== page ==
When Particles Move
Landslides are one striking example of erosion. When the bonds that hold particles of dirt and rock together are overwhelmed by a force — often in the form of water — sufficient to pull the rock and soil apart, that same force breaks the bonds with other rock and soil that hold them in place. Another type of erosion involves using a small air jet to remove dust from a surface. When the force of the turbulent air is strong enough to break the bonds that hold the individual dust particles, or grains, together and cause them to stick to the surface, that’s erosion, too.
In the pharmaceutical industry, cohesion/erosion dynamics are immensely important to successfully process powders to make medicines. They also play a key role in another, rather far-removed, example: landing a spacecraft on a surface, such as the moon. As the spacecraft lowers, the exhaust of its engines causes the granular material on the surface to erode and be transported. The displaced material forms a crater, which must be of the correct dimensions; too narrow or too deep, and it will cause the spacecraft to tip over.
We often encounter divided materials that are composed of small particles — think sand on the beach, soil, snow and dust — that can be affected by more than just frictional forces, sharing some additional cohesive forces with their neighbors. While cohesion acts only between a particle and its immediate neighbors, it also produces macroscopic effects; for instance, causing divided bits of material to aggregate and adding additional strength to the composite. Cohesion is what causes powders, such as flour, to clump and enables us to make castles on the beach by adding a small amount of water to dry sand.
Alban Sauret, an associate professor in the UC Santa Barbara Mechanical Engineering Department, is keenly interested in these processes. Published in the journal Physical Review Fluids, his group, including first-year Ph.D. student Ram Sharma and colleagues in France, present new research examining how cohesion between particles can influence the onset of erosion. Using a recently developed technique that allows them to control the cohesion between model grains and then running experiments in which they used a jet of air to displace the grains, they were able to gain a better understanding of cohesion, which holds particles together; erosion, which causes them to separate; and transport, which involves how far the displaced particles then travel.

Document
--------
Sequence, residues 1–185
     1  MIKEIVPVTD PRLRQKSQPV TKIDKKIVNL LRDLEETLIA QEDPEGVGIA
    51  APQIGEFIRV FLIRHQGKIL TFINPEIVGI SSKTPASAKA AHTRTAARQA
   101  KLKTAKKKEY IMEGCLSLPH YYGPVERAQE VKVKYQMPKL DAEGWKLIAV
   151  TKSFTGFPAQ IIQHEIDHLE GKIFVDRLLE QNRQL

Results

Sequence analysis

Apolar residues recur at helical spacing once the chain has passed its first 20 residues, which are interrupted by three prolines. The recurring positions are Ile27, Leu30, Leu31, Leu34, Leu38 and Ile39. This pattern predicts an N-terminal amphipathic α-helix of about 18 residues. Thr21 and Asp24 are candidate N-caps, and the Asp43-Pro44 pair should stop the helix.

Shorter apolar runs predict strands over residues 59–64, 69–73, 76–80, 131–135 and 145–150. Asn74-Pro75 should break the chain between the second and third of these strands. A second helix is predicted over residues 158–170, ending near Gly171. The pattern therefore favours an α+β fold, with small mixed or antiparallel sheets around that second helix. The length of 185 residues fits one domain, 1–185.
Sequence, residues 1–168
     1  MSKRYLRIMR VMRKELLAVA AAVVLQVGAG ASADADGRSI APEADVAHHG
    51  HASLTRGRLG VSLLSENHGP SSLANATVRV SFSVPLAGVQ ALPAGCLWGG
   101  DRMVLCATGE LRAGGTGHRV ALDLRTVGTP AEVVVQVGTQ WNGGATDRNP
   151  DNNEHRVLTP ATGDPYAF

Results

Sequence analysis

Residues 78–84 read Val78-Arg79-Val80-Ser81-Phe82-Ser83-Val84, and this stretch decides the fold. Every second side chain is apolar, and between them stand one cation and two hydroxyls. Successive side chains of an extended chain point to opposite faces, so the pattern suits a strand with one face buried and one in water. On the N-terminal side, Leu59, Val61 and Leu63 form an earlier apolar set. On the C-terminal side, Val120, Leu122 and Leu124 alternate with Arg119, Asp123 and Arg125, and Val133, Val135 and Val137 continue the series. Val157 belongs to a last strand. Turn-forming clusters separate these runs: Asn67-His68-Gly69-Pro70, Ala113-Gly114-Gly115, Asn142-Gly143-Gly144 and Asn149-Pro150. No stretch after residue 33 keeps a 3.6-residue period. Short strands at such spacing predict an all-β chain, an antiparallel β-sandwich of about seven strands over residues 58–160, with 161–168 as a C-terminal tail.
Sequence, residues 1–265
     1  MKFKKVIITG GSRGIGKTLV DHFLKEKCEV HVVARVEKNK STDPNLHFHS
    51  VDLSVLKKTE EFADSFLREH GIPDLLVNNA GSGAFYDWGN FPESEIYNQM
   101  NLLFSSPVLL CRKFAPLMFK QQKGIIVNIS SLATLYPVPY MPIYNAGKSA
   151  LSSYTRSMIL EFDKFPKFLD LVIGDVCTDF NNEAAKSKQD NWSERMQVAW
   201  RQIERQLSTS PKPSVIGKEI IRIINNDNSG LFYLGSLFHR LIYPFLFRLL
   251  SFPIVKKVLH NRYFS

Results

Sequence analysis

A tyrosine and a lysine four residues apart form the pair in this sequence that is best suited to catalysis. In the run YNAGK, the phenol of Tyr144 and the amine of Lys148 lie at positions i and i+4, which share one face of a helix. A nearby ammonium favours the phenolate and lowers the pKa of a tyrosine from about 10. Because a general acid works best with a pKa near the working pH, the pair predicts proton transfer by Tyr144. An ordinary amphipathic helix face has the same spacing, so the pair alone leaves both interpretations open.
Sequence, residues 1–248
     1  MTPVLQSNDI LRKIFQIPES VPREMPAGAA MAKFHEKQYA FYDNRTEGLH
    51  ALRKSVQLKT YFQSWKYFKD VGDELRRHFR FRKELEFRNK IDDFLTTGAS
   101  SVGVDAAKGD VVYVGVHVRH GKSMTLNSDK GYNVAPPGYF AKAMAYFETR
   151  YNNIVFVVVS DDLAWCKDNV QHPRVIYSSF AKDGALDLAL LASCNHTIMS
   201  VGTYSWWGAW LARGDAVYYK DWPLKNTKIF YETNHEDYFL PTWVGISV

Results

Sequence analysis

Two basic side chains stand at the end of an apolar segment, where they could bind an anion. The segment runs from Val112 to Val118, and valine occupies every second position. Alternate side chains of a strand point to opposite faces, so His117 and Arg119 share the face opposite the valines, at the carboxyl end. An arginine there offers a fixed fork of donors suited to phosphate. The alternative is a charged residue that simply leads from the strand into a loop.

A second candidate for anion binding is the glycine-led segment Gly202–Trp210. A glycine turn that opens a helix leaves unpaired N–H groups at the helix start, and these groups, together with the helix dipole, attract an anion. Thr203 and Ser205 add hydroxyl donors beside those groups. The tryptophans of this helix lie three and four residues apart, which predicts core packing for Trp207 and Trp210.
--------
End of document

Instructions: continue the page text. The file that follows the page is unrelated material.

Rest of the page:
The research offers an approach for quantifying how the magnitude of cohesion changes the amount of local stress needed to start erosion. This understanding could be used in civil engineering, say, to measure the strength and stability of soil in an area where construction is planned. But the researchers also hope that their model will provide empirical evidence for a physical theory of erosion that includes cohesion and is relevant to a broad range of applications, from removing dust from solar panels (dust can reduce energy production by as much as 40%) to landing rockets on other planets.
In the presence of external forces, such as from wind or water, the cohesion between particles can be overcome. The onset of erosion refers to the point at which the drag force, exerted by fluid or air, causes particles to lose contact with the granular bed, becoming separated both from each other as neighbors and from the surface to which they adhere. This captures our fairly elementary, current understanding of erosion: if local external forces on a particle are larger than the forces keeping it in place, it erodes — another way of saying that it is displaced.
As fluids or air apply larger stresses, such as by moving fast enough to become turbulent flows, they can cause greater erosion. An exceedingly broad range of turbulent-flow configurations acting on an equally broad range of materials lead to the erosion we see, at the macro level, in the forms of enormous canyons, worn down over eons by turbulent rivers, and gigantic sand dunes, shaped by turbulent air currents. Surprisingly, given that erosion drives the sediment cycle and constantly reshapes the surface of the Earth, the current understanding of erosional forces is not adequate to explain the rich variety of resulting landforms.
While erosion of non-cohesive grains can be predicted satisfactorily, the interplay between turbulent flows and erosion in the presence of inter-particle cohesion has not been well researched. But it deserves study, Sauret says, because “Cohesion is everywhere! If you are modeling something as simple as how to clean a surface, for instance, and your model does not correctly account for cohesion, you will likely end up taking a wrong approach — and still have a dirty surface.”
To control the cohesion between particles, the researchers applied a polymer coating to identical glass spheres (analog for particles) with a diameter of .8 millimeter. The thickness of the coating could be increased or decreased precisely to increase or decrease cohesion. The turbulent flow is modeled by a variable jet of air aimed at the granular bed.
The experiments enabled the team to determine a scaling law for the threshold at which erosion overcomes interparticle cohesion, regardless of the specifics of the system, such as particle size. By quantifying the relationship between these two forces, the research presents a technique that can be used to predict the erosion threshold for different sizes of grains.
The results of this study, says Sauret, can be most directly applied to the process of removing cohesive sediments, such as dust and snow, from surfaces such as solar panels.